I’m also working on an essay about the Pythagorean women’s rhetoric of harmonia. They were originally what inspired my dissertation, but the project has wandered away from them. Within the frame of feminist historiography, I’m interested in how women of prominence within the Pythagorean communities of fifth and sixth centuries B. C. E. wrote and spoke about harmony’s civic and musical practices in everyday life. These writings mainly take the form of letters, and historians have disputed whether or not they were actually written by women. The connections they forge between cosmos, music, math, and the individual’s daily practice, though supposedly written by and for women, have lessons for rhetoricians regardless of age and gender. (NB: Readers can hear Caroline present on harmonia at the upcoming RSA conference in Minneapolis, Session H15: (Re)Inventing Feminist Historiography).
JL: What do you like best about ASHR? Why should someone become involved with the organization?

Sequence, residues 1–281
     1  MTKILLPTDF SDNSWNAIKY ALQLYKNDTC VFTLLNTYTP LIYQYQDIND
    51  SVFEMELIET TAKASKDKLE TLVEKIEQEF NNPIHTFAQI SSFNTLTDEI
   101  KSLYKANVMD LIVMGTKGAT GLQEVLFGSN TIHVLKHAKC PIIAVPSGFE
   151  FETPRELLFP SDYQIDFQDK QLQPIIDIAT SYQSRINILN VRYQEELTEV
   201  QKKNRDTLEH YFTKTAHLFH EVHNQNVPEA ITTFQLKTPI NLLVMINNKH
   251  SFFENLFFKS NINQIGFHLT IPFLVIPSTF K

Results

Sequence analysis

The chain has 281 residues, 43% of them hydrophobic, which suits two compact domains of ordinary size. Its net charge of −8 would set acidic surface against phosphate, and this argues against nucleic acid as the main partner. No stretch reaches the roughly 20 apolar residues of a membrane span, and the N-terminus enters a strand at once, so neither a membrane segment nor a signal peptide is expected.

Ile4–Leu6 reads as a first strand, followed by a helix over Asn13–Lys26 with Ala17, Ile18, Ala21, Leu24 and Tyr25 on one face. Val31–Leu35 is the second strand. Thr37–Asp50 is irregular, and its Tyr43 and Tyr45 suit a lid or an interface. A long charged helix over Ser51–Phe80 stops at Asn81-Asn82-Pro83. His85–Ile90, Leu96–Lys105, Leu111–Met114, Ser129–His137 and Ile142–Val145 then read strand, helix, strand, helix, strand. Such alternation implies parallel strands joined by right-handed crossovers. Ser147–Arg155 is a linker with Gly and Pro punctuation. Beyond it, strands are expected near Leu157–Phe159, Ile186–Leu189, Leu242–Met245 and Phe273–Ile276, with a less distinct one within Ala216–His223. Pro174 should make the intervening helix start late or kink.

CK: I love the inviting nature of ASHR. As a graduate student starting out in the field, ASHR was a welcoming place for newcomers to explore, challenge, and improve my own ideas. I personally have found ASHR to be a great organization to connect with scholars at all stages of their careers and get to know people. ASHR panels at conferences are some of my favorite because the questions asked are thought-provoking and immensely helpful. Often the discussions from a panel will carry over into an ongoing conversation that outlasts the conference. The ASHR participants on twitter are particularly great: forwarding articles or comments that may be interesting to one another or sharing bits of humor or text that someone else might find interesting. History of rhetoric doesn’t have to be ancient or early American; there’s a lot of history to rhetoric that can and should be explored.